Data quality criteria exist to understand whether the data used to try to perform an analysis or generate a solution are consistent with reality. Here we see if the information is up to date, if it has undergone any previous transformation that could influence results, and if the information is useful to deal with the problem or not, etc. The key here is having a clear vision of quality to avoid incorrect and biased answers.
- Big Data Strategy
It is common to think of Big Data more only for those vast volumes of data, but when we talk about Big Data Strategy, it goes beyond that; it is to create a way of dealing with data that is expandable, robust, that allows the necessary information to arrive correctly from who it needs to, and at the right time necessary.
When we talk about strategy, having robustness and a well-orchestrated flow of data is especially necessary, or the company will only be able to act with delayed data and lose competitiveness.
- Cluster Analysis & Market Segmentation
Once you have access to the data, it’s time to start segmenting populations to see what kind of pattern begins to form and what types of subpopulations are emerging for the segmentation of target audiences for greater assertiveness of which are the most exciting target audiences for a given action. From here on, as long as it is done correctly, each step should start to show gains in the “journey” of hyper-personalization.
- AI, Algorithms & Recommendation Systems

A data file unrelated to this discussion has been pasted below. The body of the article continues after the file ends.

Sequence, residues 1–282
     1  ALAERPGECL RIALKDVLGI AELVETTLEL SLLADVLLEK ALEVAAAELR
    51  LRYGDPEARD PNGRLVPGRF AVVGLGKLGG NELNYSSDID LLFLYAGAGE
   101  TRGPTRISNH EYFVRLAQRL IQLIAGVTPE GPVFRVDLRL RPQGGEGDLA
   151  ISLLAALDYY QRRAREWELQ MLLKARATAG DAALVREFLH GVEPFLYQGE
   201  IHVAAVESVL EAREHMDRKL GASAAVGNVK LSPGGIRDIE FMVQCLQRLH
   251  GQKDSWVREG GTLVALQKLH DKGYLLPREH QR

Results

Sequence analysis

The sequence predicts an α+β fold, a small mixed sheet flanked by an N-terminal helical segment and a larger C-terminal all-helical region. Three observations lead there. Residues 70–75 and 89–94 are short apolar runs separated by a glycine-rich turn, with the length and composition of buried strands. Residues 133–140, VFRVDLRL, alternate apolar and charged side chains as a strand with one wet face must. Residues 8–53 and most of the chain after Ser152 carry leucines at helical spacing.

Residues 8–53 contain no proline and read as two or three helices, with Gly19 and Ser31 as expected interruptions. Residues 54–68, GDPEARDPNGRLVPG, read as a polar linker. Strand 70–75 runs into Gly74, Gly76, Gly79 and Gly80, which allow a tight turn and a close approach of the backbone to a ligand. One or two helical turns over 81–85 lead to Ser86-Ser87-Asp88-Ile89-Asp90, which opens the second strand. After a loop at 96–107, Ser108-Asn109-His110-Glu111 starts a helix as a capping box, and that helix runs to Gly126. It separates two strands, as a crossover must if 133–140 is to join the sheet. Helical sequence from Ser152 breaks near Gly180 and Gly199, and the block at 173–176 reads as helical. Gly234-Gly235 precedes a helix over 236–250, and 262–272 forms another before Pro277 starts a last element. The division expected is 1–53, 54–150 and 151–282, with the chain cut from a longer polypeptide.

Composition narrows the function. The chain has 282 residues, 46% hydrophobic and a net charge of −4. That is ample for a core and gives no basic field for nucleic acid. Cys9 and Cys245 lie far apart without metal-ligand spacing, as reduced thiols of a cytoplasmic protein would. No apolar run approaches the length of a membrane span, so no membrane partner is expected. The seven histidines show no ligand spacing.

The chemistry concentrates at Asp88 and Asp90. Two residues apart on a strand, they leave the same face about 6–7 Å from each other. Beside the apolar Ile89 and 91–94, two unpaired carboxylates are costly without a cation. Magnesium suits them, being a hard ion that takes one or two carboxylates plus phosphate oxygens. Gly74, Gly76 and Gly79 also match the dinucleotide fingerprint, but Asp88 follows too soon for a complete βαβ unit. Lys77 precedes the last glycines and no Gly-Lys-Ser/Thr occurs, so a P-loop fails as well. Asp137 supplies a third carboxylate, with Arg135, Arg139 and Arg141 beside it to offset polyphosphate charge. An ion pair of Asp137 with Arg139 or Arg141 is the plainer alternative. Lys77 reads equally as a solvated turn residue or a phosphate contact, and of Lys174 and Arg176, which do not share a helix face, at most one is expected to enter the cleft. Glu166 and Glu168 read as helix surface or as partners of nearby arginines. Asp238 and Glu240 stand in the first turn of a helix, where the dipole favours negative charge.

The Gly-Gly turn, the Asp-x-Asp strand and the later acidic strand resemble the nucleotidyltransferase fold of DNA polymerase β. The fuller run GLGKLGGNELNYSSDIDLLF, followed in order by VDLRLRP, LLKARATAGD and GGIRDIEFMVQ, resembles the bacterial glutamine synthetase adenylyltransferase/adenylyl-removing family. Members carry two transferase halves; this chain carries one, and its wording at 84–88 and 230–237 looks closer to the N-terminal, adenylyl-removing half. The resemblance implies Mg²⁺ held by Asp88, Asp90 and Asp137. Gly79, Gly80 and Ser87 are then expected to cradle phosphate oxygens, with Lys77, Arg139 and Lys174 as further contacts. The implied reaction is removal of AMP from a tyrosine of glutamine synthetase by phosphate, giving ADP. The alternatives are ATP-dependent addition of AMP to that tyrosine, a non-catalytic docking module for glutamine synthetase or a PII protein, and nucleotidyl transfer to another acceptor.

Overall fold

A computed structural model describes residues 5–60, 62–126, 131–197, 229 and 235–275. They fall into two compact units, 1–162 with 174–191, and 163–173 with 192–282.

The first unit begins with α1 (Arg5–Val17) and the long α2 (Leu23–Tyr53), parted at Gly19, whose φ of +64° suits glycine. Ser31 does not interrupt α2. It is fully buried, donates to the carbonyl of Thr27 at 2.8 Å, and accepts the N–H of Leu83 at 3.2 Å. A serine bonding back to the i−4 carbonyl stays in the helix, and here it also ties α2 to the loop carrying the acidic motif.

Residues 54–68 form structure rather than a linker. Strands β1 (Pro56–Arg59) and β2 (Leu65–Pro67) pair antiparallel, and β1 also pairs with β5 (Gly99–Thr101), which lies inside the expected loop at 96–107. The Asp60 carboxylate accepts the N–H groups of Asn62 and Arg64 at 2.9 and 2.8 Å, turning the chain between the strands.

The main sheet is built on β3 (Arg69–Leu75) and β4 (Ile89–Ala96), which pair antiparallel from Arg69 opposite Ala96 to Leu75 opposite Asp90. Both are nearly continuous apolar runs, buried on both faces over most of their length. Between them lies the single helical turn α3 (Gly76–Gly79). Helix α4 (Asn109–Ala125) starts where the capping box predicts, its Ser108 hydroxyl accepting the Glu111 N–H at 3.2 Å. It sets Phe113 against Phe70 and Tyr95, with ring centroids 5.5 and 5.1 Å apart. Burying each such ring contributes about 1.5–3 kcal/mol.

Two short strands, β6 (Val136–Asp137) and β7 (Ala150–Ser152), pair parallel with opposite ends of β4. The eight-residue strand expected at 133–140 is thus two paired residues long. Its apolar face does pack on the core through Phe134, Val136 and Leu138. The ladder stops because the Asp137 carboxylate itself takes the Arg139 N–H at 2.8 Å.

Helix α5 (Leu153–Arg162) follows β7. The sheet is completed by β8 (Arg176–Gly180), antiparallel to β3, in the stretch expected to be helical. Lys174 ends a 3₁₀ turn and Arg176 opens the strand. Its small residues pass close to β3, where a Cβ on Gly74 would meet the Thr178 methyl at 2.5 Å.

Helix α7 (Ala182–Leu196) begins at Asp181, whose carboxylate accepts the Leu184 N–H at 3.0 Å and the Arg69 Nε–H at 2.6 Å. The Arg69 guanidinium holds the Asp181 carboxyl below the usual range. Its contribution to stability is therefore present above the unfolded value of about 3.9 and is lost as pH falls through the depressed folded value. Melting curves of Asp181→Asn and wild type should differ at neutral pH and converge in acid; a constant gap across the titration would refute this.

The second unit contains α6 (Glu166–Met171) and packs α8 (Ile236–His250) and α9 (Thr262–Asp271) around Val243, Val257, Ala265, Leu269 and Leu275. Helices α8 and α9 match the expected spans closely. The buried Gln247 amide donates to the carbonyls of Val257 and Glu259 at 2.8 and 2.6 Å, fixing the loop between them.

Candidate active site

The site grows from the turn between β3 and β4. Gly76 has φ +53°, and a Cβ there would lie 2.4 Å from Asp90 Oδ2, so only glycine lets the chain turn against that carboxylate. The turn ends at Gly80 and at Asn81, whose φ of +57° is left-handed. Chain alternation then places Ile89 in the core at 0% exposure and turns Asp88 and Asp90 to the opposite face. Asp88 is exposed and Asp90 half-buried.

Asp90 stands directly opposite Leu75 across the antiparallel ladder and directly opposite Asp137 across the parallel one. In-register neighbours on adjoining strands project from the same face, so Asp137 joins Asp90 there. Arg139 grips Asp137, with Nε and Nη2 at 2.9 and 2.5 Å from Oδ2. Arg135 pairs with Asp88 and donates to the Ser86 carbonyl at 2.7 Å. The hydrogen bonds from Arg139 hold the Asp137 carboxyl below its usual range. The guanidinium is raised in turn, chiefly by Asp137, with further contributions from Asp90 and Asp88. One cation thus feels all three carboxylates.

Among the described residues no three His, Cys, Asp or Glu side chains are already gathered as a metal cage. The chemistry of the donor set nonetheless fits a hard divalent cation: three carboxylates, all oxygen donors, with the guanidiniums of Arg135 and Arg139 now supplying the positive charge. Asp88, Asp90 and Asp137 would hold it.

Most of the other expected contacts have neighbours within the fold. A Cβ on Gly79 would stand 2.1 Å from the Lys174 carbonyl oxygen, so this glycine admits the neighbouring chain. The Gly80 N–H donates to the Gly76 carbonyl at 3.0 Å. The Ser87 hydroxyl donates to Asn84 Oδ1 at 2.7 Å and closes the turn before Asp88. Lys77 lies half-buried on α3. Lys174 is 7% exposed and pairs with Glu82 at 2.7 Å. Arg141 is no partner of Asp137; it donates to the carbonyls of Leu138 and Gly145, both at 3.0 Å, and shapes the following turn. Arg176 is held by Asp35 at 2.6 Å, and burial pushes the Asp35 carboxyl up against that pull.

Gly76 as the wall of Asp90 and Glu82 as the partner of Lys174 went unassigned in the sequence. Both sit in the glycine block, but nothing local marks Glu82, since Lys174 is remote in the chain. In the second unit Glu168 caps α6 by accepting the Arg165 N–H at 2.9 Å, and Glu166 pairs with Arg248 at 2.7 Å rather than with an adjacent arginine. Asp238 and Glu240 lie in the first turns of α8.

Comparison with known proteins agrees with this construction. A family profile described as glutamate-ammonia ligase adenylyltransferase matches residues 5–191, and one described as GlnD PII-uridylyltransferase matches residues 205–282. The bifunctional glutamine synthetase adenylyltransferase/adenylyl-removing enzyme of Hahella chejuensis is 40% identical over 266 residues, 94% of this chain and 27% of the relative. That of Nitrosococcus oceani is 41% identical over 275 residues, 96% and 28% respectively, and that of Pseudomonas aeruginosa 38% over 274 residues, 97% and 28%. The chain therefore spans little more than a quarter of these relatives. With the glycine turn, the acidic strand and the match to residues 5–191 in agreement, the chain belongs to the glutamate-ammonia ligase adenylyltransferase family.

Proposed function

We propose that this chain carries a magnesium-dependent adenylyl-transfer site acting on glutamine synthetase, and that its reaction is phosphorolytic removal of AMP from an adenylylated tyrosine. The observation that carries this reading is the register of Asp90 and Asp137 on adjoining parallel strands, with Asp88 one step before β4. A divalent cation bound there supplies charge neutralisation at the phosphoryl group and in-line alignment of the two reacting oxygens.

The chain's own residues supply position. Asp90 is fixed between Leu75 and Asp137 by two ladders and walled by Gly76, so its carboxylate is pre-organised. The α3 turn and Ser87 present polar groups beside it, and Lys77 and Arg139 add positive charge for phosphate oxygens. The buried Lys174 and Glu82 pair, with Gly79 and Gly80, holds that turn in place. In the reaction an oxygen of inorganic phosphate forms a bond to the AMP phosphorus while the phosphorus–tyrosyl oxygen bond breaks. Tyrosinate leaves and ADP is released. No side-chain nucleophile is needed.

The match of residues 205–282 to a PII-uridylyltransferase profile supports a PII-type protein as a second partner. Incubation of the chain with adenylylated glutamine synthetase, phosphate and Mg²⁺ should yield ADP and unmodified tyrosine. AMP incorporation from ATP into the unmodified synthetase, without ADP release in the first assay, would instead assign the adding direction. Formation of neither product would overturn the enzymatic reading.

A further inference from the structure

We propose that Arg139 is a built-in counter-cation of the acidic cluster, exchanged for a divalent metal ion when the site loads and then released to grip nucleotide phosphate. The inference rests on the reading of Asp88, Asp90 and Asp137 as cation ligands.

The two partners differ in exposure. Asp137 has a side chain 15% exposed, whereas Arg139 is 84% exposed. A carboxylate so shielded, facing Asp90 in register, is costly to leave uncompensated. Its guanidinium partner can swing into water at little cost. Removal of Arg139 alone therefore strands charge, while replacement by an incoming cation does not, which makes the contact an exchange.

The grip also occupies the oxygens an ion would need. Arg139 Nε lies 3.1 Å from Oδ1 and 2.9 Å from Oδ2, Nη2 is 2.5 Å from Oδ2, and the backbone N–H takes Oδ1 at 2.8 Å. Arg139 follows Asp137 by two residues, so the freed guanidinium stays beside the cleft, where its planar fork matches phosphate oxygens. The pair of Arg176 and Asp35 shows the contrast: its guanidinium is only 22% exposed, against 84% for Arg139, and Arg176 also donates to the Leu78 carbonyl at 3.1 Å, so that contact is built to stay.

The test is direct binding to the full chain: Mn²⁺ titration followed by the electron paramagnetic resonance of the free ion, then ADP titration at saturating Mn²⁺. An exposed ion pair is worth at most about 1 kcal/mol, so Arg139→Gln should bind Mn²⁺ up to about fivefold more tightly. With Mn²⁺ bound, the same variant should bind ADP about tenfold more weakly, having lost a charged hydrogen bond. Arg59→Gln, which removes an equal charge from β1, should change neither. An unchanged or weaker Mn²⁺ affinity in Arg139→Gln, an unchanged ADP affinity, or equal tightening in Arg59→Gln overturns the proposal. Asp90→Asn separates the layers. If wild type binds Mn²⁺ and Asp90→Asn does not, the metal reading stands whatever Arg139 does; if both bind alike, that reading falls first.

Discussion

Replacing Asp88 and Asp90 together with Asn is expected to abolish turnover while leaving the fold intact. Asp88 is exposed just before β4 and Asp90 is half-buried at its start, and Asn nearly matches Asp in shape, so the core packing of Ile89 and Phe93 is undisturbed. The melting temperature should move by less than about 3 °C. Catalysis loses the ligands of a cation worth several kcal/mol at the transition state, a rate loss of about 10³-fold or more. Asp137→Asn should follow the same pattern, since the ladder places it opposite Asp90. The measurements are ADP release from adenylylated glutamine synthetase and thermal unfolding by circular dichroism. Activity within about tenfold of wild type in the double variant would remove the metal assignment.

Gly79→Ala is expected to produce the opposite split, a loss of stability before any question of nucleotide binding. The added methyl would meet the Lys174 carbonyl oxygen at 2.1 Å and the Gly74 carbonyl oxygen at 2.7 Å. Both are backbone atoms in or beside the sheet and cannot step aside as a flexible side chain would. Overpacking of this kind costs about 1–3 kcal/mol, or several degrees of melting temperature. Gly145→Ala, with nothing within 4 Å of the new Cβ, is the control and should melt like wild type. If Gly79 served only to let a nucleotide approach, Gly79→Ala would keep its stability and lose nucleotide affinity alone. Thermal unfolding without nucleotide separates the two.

Once the data is of the required quality and there is a well-defined flow that can feed and consume machine learning models, only then can you effectively introduce AI models into an enterprise. Every AI model and recommendation goes through a degradation – trained with a set of data. And as time passes and customers’ buying habits and life moments change, the model will have performance losses. Once you have a robust structure for feeding, consuming, and analyzing the response of machine learning models, you will be able to detect the most suitable time to re-evaluate a machine learning model and thus keep the tool at its maximum.
- Real-Time Analytics
Every company will be influenced in some way or another, and changes can happen very quickly. We are talking here about seasonality, the period of the year, socioeconomic factors, and environmental accidents in the production chain, for example.
Being alert to how external factors impact metrics and forms of behavior in the company is essential for any company that wants to have a proactive view of its market niche.
Without real-time analysis and monitoring tools for capturing sudden changes in customer behavior, it is only possible to take reactive postures that can weaken the market position.
5 Examples of hyper-personalization in different sectors
Ok, enough theory; let’s look at the brands leading the way in captivating their customers and getting ahead of the competition with five examples of hyper-personalization from five different industries.
1. Retail: Amazon
What they do: Whenever a customer lands on Amazon’s homepage, it feels like it’s been designed just for them. This is thanks to an algorithm powered by predictive analytics and item-based collaborative filtering. Collaborative filtering looks through a user’s purchased items and the purchase histories of other people who bought the same product to provide “frequently bought together” information on their product listings.